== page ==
Getting the biggest bang for our buck

Lengthen the school day. Extend the school year. Provide more extracurricular activities. Supplement with ACT preparation courses. These are some of the reactive initiatives that we see schools add to their programs in hopes of catching students up, in hopes of evening the playing field. These initiatives, although an attempt, are often too little too late. Children growing up in low-income communities begin kindergarten behind their more affluent peers. When these same children have had no preschool experience they are even further behind. Our schools are band-aiding a large problem—a crisis, really. Where are the proactive measures? Where are the high-quality early childhood programs for * all * children?

National early childhood initiatives like Head Start have been around since the 60s and Johnson’s War on Poverty. Yet, despite the large body of research that says early investment in children and families is the best way to mitigate the “failure of schools” and our entire economic system, we still do not have preschool for all families. Our neediest families are the ones who have the least access.

But, why early childhood? Why is this * the * vital proactive measure? High quality programs are proven to develop the critical executive function skills that allow children to develop into contributing adults and citizens. High quality programs develop children’s language and critical thinking skills—skills that are essential for high performance on rigorous high-stakes tests in formal schooling—the same tests that determine the success or failure status of a school.

Early childhood education can break the cycle of poverty. We live in a communicative world where the power of one’s voice and words is critical. Children and families in poverty have little voice. Not only can early intervention help children, it can help entire families by empowering them as advocates. Early intervention proves to be a game changer in the lives of children growing up in poverty.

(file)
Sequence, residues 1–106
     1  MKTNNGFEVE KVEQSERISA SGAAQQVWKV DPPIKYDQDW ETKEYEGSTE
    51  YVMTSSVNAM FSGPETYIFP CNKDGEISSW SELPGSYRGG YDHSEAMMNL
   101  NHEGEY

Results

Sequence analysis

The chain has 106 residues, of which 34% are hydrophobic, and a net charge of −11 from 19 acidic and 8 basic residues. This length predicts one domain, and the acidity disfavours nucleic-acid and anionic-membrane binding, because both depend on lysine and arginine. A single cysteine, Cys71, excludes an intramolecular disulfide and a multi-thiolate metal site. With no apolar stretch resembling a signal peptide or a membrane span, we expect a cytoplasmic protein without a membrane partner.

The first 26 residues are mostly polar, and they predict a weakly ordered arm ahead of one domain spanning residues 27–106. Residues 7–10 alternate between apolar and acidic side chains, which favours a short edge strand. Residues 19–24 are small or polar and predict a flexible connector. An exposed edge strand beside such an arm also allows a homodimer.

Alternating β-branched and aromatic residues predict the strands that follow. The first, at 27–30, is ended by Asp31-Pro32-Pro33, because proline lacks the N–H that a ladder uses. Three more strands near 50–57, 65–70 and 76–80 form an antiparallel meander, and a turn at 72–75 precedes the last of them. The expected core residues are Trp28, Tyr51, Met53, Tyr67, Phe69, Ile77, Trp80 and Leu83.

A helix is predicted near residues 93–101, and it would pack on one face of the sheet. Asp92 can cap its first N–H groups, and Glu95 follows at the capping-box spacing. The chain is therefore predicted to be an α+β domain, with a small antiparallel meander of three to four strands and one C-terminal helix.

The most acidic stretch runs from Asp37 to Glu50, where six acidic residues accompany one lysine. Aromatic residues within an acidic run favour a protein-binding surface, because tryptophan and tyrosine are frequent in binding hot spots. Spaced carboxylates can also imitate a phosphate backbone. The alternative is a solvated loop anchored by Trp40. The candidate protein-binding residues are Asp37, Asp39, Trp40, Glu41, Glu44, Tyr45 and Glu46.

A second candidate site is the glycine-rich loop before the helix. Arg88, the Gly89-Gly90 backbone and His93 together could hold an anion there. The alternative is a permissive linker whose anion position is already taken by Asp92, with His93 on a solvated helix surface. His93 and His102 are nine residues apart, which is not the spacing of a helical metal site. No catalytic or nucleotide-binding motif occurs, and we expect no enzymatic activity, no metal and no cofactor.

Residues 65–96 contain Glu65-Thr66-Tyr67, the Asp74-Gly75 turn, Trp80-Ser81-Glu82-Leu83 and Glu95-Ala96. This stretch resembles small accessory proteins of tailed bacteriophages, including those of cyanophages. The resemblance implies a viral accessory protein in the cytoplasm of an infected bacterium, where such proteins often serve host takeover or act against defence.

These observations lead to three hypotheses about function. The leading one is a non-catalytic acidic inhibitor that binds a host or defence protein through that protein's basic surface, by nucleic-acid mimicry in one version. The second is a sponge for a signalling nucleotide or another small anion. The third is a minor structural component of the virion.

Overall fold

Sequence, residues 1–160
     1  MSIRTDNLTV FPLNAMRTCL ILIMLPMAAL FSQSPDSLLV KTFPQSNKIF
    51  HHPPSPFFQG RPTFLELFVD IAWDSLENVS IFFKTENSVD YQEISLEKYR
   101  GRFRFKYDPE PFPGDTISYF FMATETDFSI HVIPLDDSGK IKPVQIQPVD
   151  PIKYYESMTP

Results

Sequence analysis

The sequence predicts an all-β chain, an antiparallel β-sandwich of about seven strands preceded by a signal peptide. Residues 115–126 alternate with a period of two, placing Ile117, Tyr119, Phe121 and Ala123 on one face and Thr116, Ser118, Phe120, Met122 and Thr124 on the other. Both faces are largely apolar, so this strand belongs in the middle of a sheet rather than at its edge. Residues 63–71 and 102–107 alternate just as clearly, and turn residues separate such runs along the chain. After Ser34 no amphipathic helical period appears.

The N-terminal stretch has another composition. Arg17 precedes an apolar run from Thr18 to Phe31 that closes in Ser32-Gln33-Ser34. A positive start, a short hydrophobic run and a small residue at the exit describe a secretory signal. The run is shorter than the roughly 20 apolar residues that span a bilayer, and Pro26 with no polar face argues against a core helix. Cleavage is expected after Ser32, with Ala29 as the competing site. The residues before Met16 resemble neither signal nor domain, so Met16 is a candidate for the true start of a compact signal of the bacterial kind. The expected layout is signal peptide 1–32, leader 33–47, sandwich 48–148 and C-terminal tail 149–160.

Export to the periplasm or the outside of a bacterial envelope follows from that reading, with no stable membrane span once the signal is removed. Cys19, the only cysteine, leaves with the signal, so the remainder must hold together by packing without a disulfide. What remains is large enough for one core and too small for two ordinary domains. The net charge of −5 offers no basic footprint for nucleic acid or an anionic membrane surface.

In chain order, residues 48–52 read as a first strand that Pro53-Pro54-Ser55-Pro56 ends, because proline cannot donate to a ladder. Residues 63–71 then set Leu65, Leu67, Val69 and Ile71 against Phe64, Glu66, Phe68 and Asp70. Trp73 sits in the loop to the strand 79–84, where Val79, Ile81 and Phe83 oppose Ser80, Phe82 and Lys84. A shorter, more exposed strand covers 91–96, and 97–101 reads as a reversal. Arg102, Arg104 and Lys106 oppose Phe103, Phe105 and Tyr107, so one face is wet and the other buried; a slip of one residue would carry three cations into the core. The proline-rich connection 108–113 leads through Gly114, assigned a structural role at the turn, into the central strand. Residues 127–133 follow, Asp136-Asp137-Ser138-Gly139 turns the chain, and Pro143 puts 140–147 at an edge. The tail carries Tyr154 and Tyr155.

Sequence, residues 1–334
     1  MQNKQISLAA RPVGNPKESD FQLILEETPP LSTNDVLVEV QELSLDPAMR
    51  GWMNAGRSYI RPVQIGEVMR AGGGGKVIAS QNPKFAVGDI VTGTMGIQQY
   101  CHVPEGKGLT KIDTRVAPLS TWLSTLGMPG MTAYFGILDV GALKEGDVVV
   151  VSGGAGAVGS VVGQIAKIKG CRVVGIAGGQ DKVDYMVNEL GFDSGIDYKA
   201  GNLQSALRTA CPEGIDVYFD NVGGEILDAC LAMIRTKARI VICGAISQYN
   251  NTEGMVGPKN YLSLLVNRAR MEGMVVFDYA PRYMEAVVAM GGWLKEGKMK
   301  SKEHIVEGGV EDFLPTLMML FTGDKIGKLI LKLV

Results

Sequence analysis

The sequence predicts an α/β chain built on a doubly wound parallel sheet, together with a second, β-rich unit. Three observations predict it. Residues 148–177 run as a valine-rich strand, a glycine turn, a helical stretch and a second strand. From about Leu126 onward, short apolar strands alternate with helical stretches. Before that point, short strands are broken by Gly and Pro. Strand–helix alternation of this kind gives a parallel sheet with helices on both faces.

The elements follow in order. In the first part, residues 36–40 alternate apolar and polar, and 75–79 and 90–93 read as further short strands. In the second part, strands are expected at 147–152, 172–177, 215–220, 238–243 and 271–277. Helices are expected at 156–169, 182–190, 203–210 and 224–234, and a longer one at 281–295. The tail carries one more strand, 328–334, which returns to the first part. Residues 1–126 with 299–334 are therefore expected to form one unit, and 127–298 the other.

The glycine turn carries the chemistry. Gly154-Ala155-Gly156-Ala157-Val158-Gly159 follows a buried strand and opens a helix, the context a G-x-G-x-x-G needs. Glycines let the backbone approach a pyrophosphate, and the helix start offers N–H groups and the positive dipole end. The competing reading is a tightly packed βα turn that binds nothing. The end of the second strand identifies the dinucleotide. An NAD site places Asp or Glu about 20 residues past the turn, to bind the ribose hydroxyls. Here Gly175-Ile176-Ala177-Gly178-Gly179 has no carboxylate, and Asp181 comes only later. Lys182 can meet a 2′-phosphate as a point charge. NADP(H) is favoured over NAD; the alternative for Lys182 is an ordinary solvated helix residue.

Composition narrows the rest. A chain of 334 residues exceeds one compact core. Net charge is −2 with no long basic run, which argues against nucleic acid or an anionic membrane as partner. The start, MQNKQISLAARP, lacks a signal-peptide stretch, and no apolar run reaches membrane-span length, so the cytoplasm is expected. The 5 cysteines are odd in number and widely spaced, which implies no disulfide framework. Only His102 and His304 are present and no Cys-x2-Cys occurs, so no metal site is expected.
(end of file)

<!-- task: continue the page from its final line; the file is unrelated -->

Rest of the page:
Over time, we’ve seen there is little argument that high-quality early childhood programs are a value add. Obama supports it and philanthropists champion it. Still, we don’t see politicians putting their money where their mouth is. We still don’t see early childhood education access increasing on the whole. Why not invest in this proactive measure? Why not invest in programs that are shown to reduce incarceration rates while increasing the rate at which adults secure jobs?

We can continue to invest in the reactive measures that we hope will increase test scores and strengthen our schools. However, we’ll continue to climb an uphill battle until we truly think about where our kids * start * falling behind. We need to be proactive not reactive. We need to invest where we can work with children and their families to ensure they are truly off to a strong start. Early childhood programs for all kids and families are truly the biggest bang for our buck.

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